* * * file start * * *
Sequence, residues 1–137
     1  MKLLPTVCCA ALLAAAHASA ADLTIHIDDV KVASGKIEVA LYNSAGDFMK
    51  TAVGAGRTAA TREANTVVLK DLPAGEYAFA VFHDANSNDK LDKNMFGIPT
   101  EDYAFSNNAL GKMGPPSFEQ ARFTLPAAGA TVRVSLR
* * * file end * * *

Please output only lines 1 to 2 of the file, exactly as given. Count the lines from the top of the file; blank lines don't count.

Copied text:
Sequence, residues 1–137
     1  MKLLPTVCCA ALLAAAHASA ADLTIHIDDV KVASGKIEVA LYNSAGDFMK